The storm caused great damage after landfall, mostly due to heavy rainfall.

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Photographs: Kind courtesy: ESA website

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Great Barrier Reef

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This Envisat image features one of the natural wonders of the world -- the Great Barrier Reef in the Coral Sea off the east coast of Queensland, Australia.

Australian researchers have discovered that Envisat's Medium Resolution Imaging Spectrometer sensor can detect coral bleaching down to 10 m deep.

This means Envisat could potentially map coral bleaching on a global scale. MERIS acquired this image on May 18, 2008, working in full resolution mode to yield a spatial resolution of 300 m.

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Photographs: Kind courtesy: ESA website

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Mt Etna erupting

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This Envisat MERIS image, acquired on January 11, 2011, shows the plume of smoke billowing into the atmosphere from Mount Etna, Sicily, Italy.

Activity gradually increased the following day, peaking in the evening.

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Photographs: Kind courtesy: ESA website

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Strait of Gibraltar

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This Envisat radar image shows internal waves in the Strait of Gibraltar, between the southern coast of Spain (top) and the northern coast of Morocco.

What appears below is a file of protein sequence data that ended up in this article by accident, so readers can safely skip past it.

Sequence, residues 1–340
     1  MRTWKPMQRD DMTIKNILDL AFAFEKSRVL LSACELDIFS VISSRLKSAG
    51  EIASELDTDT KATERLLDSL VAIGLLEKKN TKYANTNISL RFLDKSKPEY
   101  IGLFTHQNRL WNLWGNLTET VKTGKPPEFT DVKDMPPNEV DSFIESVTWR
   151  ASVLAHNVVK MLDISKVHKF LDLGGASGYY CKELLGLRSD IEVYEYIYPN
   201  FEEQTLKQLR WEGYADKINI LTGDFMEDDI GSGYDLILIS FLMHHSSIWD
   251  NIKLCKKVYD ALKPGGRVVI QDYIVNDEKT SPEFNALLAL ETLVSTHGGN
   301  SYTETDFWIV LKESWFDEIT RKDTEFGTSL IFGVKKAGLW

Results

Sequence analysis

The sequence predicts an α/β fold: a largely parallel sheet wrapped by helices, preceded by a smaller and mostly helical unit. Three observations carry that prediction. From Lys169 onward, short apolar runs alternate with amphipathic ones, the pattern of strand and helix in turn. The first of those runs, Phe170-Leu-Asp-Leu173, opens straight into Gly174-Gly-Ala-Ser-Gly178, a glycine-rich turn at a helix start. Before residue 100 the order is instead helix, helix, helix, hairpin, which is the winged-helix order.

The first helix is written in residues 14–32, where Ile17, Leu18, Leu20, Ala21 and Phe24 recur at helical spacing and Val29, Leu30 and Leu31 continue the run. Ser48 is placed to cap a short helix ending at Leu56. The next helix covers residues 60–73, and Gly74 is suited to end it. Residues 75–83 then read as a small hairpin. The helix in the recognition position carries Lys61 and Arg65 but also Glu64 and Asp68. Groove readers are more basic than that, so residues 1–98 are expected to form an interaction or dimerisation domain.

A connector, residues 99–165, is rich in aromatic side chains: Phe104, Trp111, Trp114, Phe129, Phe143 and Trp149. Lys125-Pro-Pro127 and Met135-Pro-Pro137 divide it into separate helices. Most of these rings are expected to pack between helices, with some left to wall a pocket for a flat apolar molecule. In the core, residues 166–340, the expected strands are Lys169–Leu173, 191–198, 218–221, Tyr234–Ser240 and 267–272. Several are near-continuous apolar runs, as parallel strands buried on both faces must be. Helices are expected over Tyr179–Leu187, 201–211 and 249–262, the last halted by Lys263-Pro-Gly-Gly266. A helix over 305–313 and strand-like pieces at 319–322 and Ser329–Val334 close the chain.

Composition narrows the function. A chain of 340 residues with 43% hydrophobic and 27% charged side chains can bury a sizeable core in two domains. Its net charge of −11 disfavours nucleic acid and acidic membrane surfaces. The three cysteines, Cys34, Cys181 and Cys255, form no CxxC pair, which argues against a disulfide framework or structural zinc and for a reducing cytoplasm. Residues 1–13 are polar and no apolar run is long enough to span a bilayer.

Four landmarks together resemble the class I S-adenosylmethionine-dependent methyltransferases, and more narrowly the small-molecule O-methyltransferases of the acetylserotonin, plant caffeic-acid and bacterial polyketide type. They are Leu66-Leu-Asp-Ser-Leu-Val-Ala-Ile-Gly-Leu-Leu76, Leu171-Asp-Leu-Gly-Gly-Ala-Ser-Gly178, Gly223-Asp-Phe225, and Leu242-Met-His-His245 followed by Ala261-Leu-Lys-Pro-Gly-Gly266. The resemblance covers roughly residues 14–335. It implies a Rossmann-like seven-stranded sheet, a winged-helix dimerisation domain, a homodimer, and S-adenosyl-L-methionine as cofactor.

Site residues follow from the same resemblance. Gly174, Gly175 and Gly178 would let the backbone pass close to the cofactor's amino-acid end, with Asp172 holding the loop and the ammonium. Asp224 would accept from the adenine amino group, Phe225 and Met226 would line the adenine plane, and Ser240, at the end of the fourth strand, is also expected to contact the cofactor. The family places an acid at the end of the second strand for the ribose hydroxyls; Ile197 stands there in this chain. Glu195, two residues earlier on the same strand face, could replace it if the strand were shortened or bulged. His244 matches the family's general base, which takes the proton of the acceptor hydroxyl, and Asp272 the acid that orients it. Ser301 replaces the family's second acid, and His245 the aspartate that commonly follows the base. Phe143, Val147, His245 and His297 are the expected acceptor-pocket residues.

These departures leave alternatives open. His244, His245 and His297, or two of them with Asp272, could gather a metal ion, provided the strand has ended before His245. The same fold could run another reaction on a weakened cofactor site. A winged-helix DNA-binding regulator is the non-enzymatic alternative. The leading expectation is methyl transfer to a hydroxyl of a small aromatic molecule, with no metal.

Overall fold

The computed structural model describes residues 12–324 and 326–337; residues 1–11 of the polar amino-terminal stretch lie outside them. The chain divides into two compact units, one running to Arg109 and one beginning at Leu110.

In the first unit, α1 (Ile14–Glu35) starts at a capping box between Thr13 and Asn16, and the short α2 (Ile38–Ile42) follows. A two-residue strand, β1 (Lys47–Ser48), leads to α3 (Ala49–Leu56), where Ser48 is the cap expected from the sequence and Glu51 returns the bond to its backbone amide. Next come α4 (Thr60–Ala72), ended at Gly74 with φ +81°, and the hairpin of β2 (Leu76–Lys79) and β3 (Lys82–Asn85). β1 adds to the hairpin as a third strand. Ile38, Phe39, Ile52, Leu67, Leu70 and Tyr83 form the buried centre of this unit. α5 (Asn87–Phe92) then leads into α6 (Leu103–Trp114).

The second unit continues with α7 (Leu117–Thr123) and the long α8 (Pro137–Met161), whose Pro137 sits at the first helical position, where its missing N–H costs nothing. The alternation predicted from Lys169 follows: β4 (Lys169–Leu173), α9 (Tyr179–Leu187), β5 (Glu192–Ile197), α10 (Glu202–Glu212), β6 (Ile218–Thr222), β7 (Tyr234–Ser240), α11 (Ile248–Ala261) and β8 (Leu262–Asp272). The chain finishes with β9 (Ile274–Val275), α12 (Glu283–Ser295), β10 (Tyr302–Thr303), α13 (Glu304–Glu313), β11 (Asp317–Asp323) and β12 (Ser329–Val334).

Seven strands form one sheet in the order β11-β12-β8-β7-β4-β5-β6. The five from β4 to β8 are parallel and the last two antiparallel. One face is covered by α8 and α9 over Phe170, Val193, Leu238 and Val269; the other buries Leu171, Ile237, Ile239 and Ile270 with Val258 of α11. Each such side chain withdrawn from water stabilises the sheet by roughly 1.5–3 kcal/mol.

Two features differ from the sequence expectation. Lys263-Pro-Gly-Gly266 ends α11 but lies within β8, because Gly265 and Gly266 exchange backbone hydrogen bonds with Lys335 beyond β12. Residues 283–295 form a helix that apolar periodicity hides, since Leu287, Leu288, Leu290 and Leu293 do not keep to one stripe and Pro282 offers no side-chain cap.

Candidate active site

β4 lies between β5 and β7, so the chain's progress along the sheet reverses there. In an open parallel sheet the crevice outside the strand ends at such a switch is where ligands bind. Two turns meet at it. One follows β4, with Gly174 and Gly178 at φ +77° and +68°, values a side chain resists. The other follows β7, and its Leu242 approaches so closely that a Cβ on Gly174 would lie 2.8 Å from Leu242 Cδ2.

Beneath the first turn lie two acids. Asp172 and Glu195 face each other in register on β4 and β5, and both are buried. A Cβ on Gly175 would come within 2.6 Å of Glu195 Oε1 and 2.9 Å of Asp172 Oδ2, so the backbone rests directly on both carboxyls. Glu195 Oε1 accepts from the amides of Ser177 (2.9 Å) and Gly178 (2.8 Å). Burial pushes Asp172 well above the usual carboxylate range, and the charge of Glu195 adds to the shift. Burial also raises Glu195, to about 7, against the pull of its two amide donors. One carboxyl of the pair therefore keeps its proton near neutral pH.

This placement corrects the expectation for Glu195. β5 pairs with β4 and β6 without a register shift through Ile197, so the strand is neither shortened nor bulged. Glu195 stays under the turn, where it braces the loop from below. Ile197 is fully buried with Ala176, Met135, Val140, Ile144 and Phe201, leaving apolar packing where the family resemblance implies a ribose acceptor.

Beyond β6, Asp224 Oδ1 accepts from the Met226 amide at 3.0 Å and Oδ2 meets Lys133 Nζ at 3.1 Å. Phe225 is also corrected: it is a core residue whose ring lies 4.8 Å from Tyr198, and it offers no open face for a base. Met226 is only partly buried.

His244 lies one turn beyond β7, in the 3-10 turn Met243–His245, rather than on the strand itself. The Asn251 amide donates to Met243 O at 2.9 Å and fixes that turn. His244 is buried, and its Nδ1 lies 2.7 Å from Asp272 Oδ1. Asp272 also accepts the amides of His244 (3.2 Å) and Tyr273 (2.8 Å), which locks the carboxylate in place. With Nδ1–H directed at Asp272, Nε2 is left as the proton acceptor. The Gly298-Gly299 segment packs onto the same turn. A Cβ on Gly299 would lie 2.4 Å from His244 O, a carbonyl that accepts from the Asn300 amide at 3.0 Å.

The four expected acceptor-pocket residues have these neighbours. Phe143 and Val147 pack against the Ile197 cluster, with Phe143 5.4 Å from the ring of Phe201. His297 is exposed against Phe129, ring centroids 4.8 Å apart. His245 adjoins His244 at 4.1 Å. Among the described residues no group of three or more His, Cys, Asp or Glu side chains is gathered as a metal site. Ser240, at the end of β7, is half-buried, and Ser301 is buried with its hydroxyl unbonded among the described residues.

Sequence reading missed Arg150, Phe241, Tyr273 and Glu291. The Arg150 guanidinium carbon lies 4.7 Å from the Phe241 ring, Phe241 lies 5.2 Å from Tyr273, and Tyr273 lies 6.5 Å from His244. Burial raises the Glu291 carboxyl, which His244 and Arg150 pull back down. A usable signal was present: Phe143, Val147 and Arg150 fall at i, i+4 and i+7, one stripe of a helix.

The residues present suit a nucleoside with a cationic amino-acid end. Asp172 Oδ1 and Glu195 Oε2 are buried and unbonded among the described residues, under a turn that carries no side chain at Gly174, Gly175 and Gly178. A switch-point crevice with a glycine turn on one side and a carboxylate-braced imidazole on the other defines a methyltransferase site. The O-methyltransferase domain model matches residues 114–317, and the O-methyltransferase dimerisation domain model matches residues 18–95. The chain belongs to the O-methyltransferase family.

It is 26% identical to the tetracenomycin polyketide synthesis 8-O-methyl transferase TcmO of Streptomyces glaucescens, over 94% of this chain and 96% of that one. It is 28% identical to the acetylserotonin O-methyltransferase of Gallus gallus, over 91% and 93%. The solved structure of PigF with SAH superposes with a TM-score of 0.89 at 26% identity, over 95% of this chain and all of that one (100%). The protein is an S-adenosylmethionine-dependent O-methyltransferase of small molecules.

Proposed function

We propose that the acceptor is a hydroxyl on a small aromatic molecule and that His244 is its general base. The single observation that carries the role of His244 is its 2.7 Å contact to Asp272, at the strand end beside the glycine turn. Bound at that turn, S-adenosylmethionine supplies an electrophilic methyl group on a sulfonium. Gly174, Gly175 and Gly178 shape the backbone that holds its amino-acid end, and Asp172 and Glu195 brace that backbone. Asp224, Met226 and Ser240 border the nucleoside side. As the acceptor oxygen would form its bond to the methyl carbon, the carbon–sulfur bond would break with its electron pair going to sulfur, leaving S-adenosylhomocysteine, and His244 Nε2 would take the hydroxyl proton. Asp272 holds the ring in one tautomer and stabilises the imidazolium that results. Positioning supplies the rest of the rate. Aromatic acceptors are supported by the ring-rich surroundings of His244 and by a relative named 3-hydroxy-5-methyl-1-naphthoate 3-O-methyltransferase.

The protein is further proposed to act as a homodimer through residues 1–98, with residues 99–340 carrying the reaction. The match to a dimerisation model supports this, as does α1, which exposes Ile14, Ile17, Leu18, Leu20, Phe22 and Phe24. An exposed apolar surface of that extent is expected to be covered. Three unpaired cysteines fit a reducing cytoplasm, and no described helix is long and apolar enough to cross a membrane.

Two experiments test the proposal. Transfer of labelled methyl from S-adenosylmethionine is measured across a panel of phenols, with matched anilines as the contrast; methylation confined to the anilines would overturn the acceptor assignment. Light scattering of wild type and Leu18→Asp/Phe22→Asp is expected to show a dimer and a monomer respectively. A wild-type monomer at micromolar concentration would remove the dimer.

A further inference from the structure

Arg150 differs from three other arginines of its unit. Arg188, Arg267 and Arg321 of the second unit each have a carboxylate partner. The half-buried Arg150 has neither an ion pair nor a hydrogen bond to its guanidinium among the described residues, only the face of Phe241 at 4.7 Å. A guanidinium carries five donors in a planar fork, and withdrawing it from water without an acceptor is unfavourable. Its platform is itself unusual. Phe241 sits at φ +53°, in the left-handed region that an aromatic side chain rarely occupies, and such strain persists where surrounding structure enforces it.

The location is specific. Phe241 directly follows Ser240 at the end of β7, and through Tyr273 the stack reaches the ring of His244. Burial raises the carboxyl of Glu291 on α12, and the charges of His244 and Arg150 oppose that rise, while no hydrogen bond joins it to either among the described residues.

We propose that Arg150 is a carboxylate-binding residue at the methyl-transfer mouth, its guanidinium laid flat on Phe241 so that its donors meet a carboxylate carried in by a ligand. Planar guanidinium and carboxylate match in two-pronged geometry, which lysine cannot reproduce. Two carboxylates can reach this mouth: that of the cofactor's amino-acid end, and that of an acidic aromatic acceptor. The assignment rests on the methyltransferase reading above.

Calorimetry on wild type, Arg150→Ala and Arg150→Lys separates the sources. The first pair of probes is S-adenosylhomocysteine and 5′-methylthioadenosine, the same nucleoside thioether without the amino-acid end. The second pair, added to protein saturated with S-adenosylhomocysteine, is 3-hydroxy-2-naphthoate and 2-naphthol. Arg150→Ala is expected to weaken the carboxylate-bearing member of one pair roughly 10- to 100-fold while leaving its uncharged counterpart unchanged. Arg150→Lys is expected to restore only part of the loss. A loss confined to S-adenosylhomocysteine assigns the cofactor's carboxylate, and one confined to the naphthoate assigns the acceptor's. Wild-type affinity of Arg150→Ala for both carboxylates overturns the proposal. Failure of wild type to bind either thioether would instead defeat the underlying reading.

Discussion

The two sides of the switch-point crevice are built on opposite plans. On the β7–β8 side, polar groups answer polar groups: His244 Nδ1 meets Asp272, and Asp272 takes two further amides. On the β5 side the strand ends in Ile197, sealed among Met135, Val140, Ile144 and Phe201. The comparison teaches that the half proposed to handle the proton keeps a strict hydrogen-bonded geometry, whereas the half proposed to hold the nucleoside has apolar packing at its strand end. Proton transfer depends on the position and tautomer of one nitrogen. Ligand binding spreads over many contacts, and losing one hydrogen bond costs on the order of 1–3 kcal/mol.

From space, internal waves can be detected very efficiently using Synthetic Aperture Radar instruments that are sensitive to changes in the small-scale surface roughness on the ocean surface.

Internal waves in this image show up as a semi-circular rippled pattern east of the strait's entrance in the Mediterranean Sea.

Additional sets of internal waves generated in the Atlantic Ocean are visible as dark pink lines on the western side of the strait.

This image was created by combining three Envisat SAR acquisitions (August 12, 2010, October 1, 2009 and August 27, 2009) over the same area. The colours result from changes in the surface between acquisitions.

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Photographs: Kind courtesy: ESA website

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Hawaiian Islands

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This Envisat radar image features six of Hawaii's eight major volcanic islands. Visible from right to left are the Big Island of Hawaii, Kahoolawe, Maui, Lanai, Molokai and Oahu.

In addition to two other major islands, there are also 124 islets.

This image was created by combining three Envisat ASAR acquisitions (March 27, 2006, April 16, 2007 and January 21, 2008) taken over the same area.

The colours in the image result from variations in the surface that occurred between acquisitions.

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Photographs: Kind courtesy: ESA website

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Magnetic North Pole

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Sea ice around the North Magnetic Pole, a wandering point on the Earth's surface, is featured in this Envisat radar image, acquired on December 8, 2008.

Just as Earth has two geographic poles, the North Pole and the South Pole, it also has a North and South Magnetic Pole.

Although the geographic and magnetic poles are near each other, they are not located in the same places.

Currently, the North Magnetic Pole is located in the Canadian Arctic at approximately 82.7 north and 114.24 west.

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Photographs: Kind courtesy: ESA website